Before I get to the meat of this review/analysis/rant/what have you, I need a moment to explain something which impacts my own, personal view of the series.
It is my own belief that when all is said and done, and you lie on your death bed ready to vacate this world and proceed to whatever it is you may believe happens after, what really counts is the connections you’ve made. Not how much money was in your bank account when you died, not how much your favorite team finished in that game and not what percentage of the world you’ve seen. No, what matters is the human connections you’ve made in your life, your friends and your enemies. Those are things I believe you take with you.
Having said that, I think it becomes immediately clear why I fall on the “loved it” camp of the great Lost debate, as the finale really had a similar message.
Those who hated the finale, or a vast majority of them, seem to be crying out for the lack of concrete answers to some of the show’s biggest mysteries. What was the light? Who built the statue? How does Eloise Hawking know everything?
Yes, the show never answered these questions, and you know what? It doesn’t matter. I’d like to explain why.
First, the technical side. The show had a set amount of time to tell its final episode. Granted, that set amount was longer than any other television episode I’ve ever seen and can fall well into the category of “movie”. However, the point remains that it was set. In order for there to have been a full, absolute and complete resolution the show had to address many, many things that can be neatly categorized into two elements: plot and character. Plot includes all those afore-mentioned questions and explanations whereas character deals with closure for the group of people who’s tale we’ve been following. I don’t believe they could have gotten both of those the ending they deserved in two hours, attempting to do so would have caused a compromise which hurt both resolutions. So one had to be chosen.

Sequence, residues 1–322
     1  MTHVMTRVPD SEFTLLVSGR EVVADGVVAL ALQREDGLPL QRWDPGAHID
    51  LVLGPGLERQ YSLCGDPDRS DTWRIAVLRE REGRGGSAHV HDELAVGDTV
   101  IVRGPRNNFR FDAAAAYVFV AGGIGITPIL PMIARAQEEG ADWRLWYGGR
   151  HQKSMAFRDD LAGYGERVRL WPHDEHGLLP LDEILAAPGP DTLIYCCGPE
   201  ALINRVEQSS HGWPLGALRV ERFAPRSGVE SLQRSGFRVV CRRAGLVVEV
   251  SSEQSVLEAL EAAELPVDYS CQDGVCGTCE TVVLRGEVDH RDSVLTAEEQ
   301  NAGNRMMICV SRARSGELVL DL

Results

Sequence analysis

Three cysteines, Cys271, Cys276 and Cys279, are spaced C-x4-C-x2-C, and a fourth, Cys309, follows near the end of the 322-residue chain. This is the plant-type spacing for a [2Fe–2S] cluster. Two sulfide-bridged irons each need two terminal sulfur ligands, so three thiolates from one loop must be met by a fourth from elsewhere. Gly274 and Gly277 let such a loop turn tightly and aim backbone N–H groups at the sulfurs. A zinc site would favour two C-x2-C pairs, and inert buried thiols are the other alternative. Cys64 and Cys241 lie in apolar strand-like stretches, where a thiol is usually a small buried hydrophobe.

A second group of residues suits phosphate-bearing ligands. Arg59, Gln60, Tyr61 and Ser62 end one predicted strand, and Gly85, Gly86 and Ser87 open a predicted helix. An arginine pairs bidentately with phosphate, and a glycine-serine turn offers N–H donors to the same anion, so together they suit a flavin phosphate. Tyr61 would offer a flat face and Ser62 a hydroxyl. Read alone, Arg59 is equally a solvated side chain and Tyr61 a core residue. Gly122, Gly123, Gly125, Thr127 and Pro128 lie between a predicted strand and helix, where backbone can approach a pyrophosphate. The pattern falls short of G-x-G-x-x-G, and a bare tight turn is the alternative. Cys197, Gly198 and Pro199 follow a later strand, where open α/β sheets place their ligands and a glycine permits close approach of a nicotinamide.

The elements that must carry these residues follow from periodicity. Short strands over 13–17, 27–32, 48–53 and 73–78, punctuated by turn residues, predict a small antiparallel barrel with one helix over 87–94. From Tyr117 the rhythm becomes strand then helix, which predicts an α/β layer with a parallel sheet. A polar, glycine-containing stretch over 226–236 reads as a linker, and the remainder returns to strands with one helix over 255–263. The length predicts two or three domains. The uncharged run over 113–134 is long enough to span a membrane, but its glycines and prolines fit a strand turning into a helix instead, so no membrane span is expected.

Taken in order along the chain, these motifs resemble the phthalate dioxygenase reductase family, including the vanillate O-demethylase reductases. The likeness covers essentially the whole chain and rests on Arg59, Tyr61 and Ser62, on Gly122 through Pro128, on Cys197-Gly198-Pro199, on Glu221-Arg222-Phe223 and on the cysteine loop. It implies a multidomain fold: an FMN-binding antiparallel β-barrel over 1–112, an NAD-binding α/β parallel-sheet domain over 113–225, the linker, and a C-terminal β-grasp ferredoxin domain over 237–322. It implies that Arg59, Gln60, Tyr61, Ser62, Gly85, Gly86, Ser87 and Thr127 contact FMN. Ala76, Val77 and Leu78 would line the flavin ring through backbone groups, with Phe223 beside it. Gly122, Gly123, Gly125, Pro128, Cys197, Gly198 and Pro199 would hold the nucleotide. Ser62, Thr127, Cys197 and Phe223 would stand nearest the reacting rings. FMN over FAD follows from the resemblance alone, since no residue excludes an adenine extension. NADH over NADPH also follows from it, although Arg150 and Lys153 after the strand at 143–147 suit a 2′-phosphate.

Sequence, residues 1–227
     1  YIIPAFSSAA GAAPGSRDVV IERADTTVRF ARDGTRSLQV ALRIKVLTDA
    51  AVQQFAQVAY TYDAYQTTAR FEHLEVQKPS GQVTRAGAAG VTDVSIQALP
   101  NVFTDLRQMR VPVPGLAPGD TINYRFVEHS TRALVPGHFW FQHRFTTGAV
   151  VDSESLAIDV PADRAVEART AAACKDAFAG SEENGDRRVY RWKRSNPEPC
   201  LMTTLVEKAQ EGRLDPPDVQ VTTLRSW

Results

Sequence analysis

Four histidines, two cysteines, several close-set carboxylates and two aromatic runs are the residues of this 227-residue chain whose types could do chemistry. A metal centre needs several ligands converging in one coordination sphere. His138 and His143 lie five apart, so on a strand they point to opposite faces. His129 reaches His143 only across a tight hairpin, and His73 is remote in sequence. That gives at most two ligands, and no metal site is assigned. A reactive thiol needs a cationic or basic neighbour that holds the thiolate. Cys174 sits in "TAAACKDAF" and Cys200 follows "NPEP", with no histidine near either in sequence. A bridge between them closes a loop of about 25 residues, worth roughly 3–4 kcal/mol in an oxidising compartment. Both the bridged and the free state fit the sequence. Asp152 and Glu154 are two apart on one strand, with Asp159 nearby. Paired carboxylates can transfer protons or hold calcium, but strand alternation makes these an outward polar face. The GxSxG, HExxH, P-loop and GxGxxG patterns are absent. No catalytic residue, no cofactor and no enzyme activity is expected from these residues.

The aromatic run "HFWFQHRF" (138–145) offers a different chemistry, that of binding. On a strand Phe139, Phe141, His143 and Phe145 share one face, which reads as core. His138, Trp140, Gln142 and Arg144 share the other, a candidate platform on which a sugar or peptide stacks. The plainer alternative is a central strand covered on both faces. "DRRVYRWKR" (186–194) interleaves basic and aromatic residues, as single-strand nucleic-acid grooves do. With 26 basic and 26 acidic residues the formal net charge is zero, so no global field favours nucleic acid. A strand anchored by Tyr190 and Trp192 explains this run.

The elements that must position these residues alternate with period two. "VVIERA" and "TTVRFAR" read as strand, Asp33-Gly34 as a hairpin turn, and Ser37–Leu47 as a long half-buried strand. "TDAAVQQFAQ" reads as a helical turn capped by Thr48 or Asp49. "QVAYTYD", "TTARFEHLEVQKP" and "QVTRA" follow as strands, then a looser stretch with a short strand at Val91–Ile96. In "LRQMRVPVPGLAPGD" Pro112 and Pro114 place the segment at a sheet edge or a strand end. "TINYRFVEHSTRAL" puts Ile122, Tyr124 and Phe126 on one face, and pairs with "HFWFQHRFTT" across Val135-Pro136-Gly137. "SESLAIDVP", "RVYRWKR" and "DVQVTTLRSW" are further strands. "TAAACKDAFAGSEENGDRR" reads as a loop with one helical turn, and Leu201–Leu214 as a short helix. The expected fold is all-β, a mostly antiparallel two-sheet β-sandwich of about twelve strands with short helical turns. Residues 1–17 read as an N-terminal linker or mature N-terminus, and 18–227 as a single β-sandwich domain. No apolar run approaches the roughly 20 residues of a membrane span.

So why not close up the plot? Quite simply, Lost has always been, from its first moments, a show about human drama. It was about character, about people. There wasn’t a button that had to be pushed every 108 minutes, it was Jack and Locke arguing whether or not the button should be pushed. That’s why it worked, from the beginning – because you cared about the people. Heroes is the perfect example of a show which quite quickly did away with character for plot purposes. I stopped watching on the third season simply because it was getting ridiculous. The characters became cardboard cutouts, only meant to convey the necessary information to move the plot along. Battlestar Galactica is an example of a show which put character first, and that’s why it works so well – because Starbuck is made of awesome and you want to punch Gaius Baltar in the face every time he comes on screen.
Lost, as I said, is about the characters, and, at the end of the day, that’s what was important. Take a look at how many character moments were in the last episode – a good majority of it, if not the entire thing. And yet, every moment was riveting. Jack and Flocke’s interactions in particular were standout moments. The two have always shared a great chemistry, and the journey of both characters proved to be the lynch pin of the entire show.